An introduction to a classic fairy tale
A classic example of the fairy tale featuring ‘the animal as helper’, ‘Puss in Boots’ entered the canon of classic fairy tales when Charles Perrault included it (as ‘Le Chat Botté’) in his 1697 collection of fairy stories, although like many of the greatest fairy tales, an earlier version can be found in the 1634 Pentamerone, a collection of oral folk tales compiled by Giambattista Basile. How we should analyse ‘Puss in Boots’ has troubled authors, commentators, and illustrators over the years. George Cruikshank objected to ‘a system of imposture being rewarded by the greatest worldly advantages’. Before we look more closely at this aspect of the tale, here’s a brief summary of the ‘Puss in Boots’ tale:
A miller dies and leaves his three sons all he has: he leaves his mill to his eldest son, an ass to the middle son, and to the youngest son, he leaves his cat. The youngest son thinks he’s drawn the short straw with the cat, but the cat promises that if the son gets him some boots made, he will prove to be a worthy and helpful pet. Once the cat has some boots and a little bag he can wear, he goes off and hunts for rabbits. Having caught a rabbit, Puss in Boots takes it to the King, telling him that it’s a gift from the Lord Marquis of Carabas, the cat’s master. Read the rest of this entry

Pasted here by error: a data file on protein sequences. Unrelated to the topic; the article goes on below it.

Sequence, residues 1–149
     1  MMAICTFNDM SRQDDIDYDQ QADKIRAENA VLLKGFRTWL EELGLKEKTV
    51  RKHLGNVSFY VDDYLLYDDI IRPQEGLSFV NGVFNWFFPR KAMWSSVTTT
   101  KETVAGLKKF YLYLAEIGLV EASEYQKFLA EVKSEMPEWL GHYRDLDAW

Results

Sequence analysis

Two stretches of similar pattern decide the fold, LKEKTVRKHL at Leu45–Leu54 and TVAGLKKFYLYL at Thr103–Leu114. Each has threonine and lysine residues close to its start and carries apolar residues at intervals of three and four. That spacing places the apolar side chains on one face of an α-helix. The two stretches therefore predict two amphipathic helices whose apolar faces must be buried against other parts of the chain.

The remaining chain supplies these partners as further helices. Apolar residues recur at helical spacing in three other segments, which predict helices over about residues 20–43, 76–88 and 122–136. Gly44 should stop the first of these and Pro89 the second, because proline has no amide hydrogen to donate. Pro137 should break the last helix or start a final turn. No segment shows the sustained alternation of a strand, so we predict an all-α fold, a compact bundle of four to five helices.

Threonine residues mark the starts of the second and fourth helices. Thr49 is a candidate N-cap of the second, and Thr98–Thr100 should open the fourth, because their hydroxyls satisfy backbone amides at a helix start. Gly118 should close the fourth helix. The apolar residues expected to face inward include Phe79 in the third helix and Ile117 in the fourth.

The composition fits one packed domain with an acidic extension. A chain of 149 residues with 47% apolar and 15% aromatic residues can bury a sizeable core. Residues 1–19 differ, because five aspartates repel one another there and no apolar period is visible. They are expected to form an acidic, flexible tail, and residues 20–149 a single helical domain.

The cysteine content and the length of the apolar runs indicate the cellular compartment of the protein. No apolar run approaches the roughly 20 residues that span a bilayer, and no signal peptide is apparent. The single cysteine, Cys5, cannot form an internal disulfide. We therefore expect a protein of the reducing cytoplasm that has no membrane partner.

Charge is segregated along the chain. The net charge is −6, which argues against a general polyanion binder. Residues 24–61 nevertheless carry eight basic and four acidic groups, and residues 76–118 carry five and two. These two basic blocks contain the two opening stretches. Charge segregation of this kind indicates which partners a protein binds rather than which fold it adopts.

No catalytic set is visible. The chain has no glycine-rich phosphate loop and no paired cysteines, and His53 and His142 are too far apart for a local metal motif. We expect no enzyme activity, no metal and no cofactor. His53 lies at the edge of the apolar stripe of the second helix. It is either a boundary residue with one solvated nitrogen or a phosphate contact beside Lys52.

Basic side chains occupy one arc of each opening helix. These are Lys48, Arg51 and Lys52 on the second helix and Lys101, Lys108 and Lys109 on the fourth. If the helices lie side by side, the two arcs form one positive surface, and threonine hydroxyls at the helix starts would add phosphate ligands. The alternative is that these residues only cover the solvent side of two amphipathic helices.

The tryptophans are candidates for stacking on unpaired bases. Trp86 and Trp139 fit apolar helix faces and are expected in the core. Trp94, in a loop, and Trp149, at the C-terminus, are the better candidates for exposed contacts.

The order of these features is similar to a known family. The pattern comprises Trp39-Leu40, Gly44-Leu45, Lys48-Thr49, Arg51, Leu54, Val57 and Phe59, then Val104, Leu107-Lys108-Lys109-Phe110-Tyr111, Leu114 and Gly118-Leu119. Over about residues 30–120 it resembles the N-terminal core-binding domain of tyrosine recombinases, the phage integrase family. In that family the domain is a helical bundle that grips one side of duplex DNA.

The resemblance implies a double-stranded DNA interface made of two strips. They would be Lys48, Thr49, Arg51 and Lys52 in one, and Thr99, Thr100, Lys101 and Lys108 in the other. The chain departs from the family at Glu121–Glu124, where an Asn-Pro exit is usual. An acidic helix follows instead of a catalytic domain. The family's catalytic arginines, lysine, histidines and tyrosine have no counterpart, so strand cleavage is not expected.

10 of the most classic children’s rhymes
For most of us, nursery rhymes are the first poems we ever encounter in life. They can teach us about rhythm, and about constructing a story in verse, and, occasionally, they impart important moral lessons to us. More often than not, though, they make no sense at all. In this post, we’ve picked ten of the very best nursery rhymes, though this list isn’t designed to be comprehensive, of course. Which ten classic nursery rhymes would you pick to teach to children?
‘Jack and Jill’. If you read one of these old chapbook versions, you encounter a ‘Jack and Jill’ rhyme that is a whopping fifteen stanzas long, but the most familiar version for modern readers is the two-stanza rendering which details a boy and girl going up a hill to fill their bucket with water (why the well is at the top of a hill is difficult to say), their subsequent accident, and Jack’s ensuing treatment for his injuries. Read the rest of this entry
A reading of a classic dramatic monologue
‘Porphyria’s Lover’ is one of Browning’s first great poems, written when he was in his early twenties. It is also one of the first great dramatic monologues in English verse, the 1830s being the decade in which Browning and Tennyson developed the genre, penning a series of classic poems which see the poet adopting a persona and ‘staging’ a soliloquy given by an (often unreliable) speaker. Here, the speaker is the titular lover of the girl, Porphyria. Before we proceed to an analysis of ‘Porphyria’s Lover’, here’s a reminder of Browning’s poem.
The rain set early in to-night,
The sullen wind was soon awake,
It tore the elm-tops down for spite,
And did its worst to vex the lake:
I listened with heart fit to break.
When glided in Porphyria; straight
She shut the cold out and the storm,
And kneeled and made the cheerless grate
Blaze up, and all the cottage warm; Read the rest of this entry